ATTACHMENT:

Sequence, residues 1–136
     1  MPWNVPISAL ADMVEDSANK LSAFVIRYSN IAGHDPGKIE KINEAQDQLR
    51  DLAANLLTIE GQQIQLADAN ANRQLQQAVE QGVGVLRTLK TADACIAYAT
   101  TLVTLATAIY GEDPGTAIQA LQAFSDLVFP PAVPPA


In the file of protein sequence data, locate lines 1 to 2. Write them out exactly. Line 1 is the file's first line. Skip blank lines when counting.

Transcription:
Sequence, residues 1–136
     1  MPWNVPISAL ADMVEDSANK LSAFVIRYSN IAGHDPGKIE KINEAQDQLR